It seems strange to call fear a destructive theme of the heart. At one level fear is so natural, sometimes even good. So, fear of being audited motivates me to pay my taxes on time. Fear of being hit by a car prevents kids from playing in traffic. It also seems strange to call fear “destructive.” But whether we see it or not, fear can ensnare us and damage our relationships.
The Bible has a lot to say about fear, anxiety, and worry. To the surprise of many, the Bible tells us that fear can be sinful. So, Jesus speaks plainly about worry in Matthew 6, saying, “do not be anxious about your life” (v. 25). Repeatedly we are commanded not to be afraid (Isa. 41:10-13; 43:1; Matt. 10:31; Mark 5:36; Luke 12:4; John 14:27; Rom. 8:15; 1 Peter 3:14; Rev. 2:10). Fear can be a sinful response, one particularly related to our inability to control things, which is another way of saying our inability to play God.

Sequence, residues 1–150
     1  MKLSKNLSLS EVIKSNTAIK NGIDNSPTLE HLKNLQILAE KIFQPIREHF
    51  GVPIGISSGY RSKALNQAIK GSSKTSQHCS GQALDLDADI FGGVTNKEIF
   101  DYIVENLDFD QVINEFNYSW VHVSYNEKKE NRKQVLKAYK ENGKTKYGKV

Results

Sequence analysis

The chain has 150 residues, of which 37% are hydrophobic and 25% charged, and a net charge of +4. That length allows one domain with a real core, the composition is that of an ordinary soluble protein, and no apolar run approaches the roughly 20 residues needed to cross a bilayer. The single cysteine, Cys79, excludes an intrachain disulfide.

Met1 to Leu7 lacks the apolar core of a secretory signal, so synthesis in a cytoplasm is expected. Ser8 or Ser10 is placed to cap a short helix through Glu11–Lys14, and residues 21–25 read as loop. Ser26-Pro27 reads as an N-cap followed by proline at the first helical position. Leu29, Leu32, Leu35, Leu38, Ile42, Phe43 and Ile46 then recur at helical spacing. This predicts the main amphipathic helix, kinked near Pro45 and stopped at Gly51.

While not all fear works this way, we must assess whether our fear is rising from an effort to manage our world in a way that God has not allowed us. If it is that means we will seek not simply to manipulate events and schedules, but people too. Fear will lead us to either distance ourselves from people – for fear that they will hurt us, or discover our secrets – or it will lead us to use people to fulfill our needs – what is sometimes called codependency. In both cases we are seeking to sit on God’s throne and govern our relationships and interactions in a way that fits with our ideals, not His.